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    Larry you can buy 60 degree for milling but they have a 3/8" shank so usually have to be adapted to fit other tooling. I made an adaptor to fit my 1/2" router but unfortunately they won't fit my smaller 1/4".
     
  8. Don Wattenhofer

    Don Wattenhofer

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    101_1340.JPG The photo shows threading on my vintage LaBlond lathe. The metal lathe has 4C collets that I adapted to hold a 1 1/4"-8 spindle and on the cross slide I mounted a Porter Cable trim router using an angle plate. The cutter is a double angle mill as shown, which is the same one that Bonnie Klein first used and is being used by all of the copy cats since. The shank on the mill is 3/8" so it had to be turned down to 1/4" but you can't see that because it is in the collet chuck. I also have hand ground a two flute HS dovetail bit and a one flute carbide key hole router bit. The work piece and the router must be rigidly mounted. The top slide is set to 30 degrees and the router is then set parallel to the X axis. The top slide is then set to 0 on it's dial, and using the Y axis bring ithe cutter up to just touching the work piece, then advance the top slide for a partial cut. Make sure that the chasing dial is engaged, start the lathe at it's slowest speed, start the router, then when the appropriate line is met on the chasing dial engage the threading lead and be ready to disengage when necessary. When the cut is complete stop the lathe and router, the back the top slide a little past zero and move the cross slide away from the work piece. The partial thread can be inspected and if it is crumbling on the point of the V and or it isn't deep enough soak it with thin CA, then add another 5 - 10 thousands and make another cut. When cutting a mating thread you will need to use steps to ease into the desired fit, which should be fairly loose, thus the need of a coarse thread.
     
  9. Don Wattenhofer

    Don Wattenhofer

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    Obviously I was writing my long winded post as John did his.
    The 60 degree double angle mill does come with a 3/8" shank but if you have a metal lathe with collets such as 4C or 5C the cutter can be dropped into the 3/8 collet from the back end such that the end of the shank can be turned down to 1/4" and that is exactly what I did as you can see in the picture in my previous post where it is shown in a trim router with a 1/4" collet. Also my original PC router purchased when it had the Rockwell name came with 1/4, 3/8 and 1/2" collets and that is what I used before I had an engine lathe to turn down the 3/8" shank.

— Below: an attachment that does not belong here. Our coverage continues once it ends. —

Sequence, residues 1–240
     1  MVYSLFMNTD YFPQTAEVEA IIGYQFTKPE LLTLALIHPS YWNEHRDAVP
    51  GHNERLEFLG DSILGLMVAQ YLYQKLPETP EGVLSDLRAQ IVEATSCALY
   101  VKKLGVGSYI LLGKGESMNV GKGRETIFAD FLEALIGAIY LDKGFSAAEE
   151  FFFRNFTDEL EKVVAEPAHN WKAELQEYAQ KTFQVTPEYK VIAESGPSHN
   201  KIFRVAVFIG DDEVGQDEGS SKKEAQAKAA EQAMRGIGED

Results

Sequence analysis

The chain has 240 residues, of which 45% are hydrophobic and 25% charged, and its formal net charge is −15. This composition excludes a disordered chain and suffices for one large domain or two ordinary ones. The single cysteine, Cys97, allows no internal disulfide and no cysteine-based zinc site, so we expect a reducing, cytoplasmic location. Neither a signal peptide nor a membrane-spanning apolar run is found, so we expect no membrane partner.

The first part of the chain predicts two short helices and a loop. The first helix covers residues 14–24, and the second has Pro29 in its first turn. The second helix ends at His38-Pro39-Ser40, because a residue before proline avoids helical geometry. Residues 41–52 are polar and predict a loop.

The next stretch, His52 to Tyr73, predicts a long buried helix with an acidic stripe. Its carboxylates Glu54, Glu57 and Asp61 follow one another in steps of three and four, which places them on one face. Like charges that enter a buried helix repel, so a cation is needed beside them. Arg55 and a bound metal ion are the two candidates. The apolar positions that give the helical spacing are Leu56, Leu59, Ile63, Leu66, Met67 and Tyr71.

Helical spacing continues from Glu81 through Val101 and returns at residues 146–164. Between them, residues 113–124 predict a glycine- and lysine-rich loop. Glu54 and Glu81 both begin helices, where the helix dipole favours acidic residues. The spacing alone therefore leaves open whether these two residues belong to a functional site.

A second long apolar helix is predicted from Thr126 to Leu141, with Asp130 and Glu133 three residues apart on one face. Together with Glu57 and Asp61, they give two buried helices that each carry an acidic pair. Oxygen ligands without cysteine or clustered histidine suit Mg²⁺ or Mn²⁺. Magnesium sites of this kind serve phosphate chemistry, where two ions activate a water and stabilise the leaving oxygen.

10. robo hippy

    robo hippy

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    Larry, that cutter looks pretty coarse as in too blunt of an angle, at least to me. I would guess that you already know that you cut the threads down in 3 or 4 passes, rather than just one. I also will lube the threads with walnut oil, letting it soak in for a bit, before taking the final pass. I like that better than the CA glue. Softer woods are always more difficult to chase threads in than harder woods...

    robo hippy
     
  11. Doug Rasmussen

    Doug Rasmussen

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    I've posted this before...to me it's the best type wood thread. It can be cut with a coarse pitch threading jig using a edge rounding router bit as opposed to the 60 degree type. It needs a little hand clean up since all the material that needs to be removed can't be done with the same bit.

    It tolerates a great deal of looseness. And I make mine so they tighten in one turn, 4 threads per inch..

    bottle thread.JPG